Recently the Christian Reformed Church was asked to consider the problem of theater attendance on the part of the young people. A poll had been taken by one of our classes which indicated a rather high participation in movie attendance. This poll also indicated a very remarkable contrast. The percentage of young people engaged in work in the Kingdom other than catechism, young people’s societies, and the like was in an inverse proportion to that of attendance in the theater. Some 701 were fairly regular in movie attendance, while only 15% were active in church work of one kind or another. In view of the results of the poll, the classis suggested that the Christian Reformed Church look into the advisability of promoting a more selective choice of movies by our young people. Since they obviously are attending the theater, we as a Church ought to be on hand to influence their selection.

This very interesting suggestion brings to mind a dangerous feeling that may be creeping into our churches. It seems that we as a Church are engaged in a losing battle against the theater. But instead of increasing our arguments in the fight, we are preparing to capitulate. Since so many of our young people insist on attending the theater despite the warnings from church and youth leaders, the Church is asking them to at least be more selective in their choice of the movies that they see. Instead of advocating a greater interest and participation in Church work, we are urging them to be selective, since we are resigned to their attendance anyway. Certainly such an attitude cannot be conducive to real spiritual growth. For only as the distinctiveness between the world and the Church is maintained can the Church grow spiritually.



The facts of life seem to support the scriptural thesis that godlessness and violence are inseparably joined. Where the one prevails, the other seems inevitable. Such was the case with the antedeluvians. We are told that “the earth was corrupt before God, and the earth was filled with violence.” The prophet Nahum calls to Nineveh, ‘“Woe to the bloody city! it is all full of lies and robbery; the prey departeth not.” Obviously people who do not regard divine law will have little respect for human law. This is abundantly illustrated behind iron and bamboo curtains. You buckle before the lash of the taskmaster or else!

But we need not go to the ancients or distant lands to see this truth corroborated. There is enough of it before our eyes. We need not recount the crimes of violence reported in newspapers every night. No, something new has been added. We have exiled God out of our public schools. No prayers, no Bible, everything pertaining to the Christian tradition is considered by some as deadly poison. In some schools the last stanza of America may not be sung. To expose the children of our land to anything that savors of the Christian religion is regarded as more dangerous than syphilis. This, by the way, is increasing at an alarming rate among young people. Above every door in any school we may read, “EXIT GOD!”

Now our troubles are beginning. Every American should hang his head in shame. Has it ever been necessary before to have uniformed police officers supervise school playgrounds, patrol the corridors, and be on hand to protect the teacher in the event of attack? Well, this has come to pass in many of our major cities.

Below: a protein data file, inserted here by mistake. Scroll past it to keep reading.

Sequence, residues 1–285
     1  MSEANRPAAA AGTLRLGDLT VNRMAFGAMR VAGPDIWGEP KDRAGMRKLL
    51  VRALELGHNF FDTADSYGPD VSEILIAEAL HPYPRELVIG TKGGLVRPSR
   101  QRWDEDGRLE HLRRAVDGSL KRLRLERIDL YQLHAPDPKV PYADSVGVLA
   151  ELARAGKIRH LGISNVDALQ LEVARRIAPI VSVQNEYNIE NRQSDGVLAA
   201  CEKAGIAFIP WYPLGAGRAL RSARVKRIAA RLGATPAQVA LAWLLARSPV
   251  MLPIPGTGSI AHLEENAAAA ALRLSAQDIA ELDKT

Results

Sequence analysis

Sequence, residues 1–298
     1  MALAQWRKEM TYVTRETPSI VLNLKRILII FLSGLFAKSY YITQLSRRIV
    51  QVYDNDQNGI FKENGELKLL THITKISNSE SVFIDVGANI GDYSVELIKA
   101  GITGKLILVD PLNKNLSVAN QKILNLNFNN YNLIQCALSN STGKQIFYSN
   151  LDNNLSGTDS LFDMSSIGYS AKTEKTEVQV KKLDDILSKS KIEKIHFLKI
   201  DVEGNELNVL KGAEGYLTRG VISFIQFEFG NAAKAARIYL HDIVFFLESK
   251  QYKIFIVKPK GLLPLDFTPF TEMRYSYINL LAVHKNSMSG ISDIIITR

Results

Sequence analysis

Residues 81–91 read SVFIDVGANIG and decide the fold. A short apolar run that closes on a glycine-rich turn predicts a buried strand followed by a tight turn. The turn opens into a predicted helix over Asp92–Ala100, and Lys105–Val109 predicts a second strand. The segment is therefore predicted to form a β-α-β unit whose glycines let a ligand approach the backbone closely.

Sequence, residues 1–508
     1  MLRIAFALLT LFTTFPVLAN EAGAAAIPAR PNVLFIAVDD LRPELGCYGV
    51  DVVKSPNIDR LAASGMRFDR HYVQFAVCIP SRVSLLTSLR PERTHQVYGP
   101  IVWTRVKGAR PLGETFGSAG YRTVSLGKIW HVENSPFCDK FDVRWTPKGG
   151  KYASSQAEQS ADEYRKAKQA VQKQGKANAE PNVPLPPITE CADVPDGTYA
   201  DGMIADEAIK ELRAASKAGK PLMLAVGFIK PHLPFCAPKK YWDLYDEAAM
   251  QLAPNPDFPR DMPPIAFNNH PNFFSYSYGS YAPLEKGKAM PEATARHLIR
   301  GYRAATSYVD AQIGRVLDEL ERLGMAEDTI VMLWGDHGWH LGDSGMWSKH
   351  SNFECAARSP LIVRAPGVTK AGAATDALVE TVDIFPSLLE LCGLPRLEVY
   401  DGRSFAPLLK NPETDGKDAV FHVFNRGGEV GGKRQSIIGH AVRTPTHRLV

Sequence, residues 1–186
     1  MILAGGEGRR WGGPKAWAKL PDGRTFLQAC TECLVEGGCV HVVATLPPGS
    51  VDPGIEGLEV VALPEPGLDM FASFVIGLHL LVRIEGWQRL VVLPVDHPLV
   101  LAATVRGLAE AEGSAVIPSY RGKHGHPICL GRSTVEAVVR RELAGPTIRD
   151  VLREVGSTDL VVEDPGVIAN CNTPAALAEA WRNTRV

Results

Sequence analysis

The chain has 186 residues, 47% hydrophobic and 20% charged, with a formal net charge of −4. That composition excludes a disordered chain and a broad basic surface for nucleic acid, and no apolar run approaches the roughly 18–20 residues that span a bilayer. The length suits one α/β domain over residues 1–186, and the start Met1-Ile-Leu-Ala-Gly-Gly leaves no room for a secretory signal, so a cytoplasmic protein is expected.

Violence in our public schools is on the increase. In New York City recent1y there were thirteen acts of violence upon teachers in nine days. In one school six attacks in one day. Teachers beaten over the head with chairs, knocked to the floor, their eyes blackened with fists, and as one commentator said, there is reason to believe that teachers do not report all of them for fear of retaliation. Chicago school authorities are pleading with parents to inculcate some respect for authority in the children. Step aside God! Make room for the Police.

In what may be regarded as a Christian and conservative community, a group of citizens recently appeared before the school board. They demanded elimination of prayer and Bible reading and demanded that school dances be introduced. According to a press release, these citizens were defiant and told the Board: If we want you to teach our children morals, we will hire you as ministers. Imagine that! Education which is non-religious and non-moral. Step aside God! Mike room for the Police. And if Paul were living today he would repeat, “Professing themselves to be wise, they became fools.” And no truer words were ever spoken.



Those of us who are directly connected with this magazine are happy, of course, with the decision of the 1964 General Synod of the Christian Reformed Church to appoint Dr. Peter Y. De Jong to the chair of Practical Theology in its theological seminary (Calvin). Prof. De Jong will begin his duties in this assignment with the Fall semester of this year.

Versatility of ability and interest characterizes Dr. De Jong, and this ought to serve him well as he undertakes the task of instructing our budding clergymen in the various areas of their practical life in the churches. As a preacher Dr. De Jong from the beginning of his career was received by the people of the pew gladly, and as a pastor and church administrator he is recognized by many as among the very best. He has written several published volumes, mostly on subjects quite directly related to the areas of study he must cover as a professor of theology.

The strength of a good school for the training of future pastors does not lie, however, in the talents or experience of the professors. It rests solely in God, and it is ours when we serve Him with devotion and obedience. We wish for Calvin Theological Seminary God’s richest blessings, and we trust that this new faculty appointment will be another occasion for the dispensation of such blessing upon our students and our churches and our world!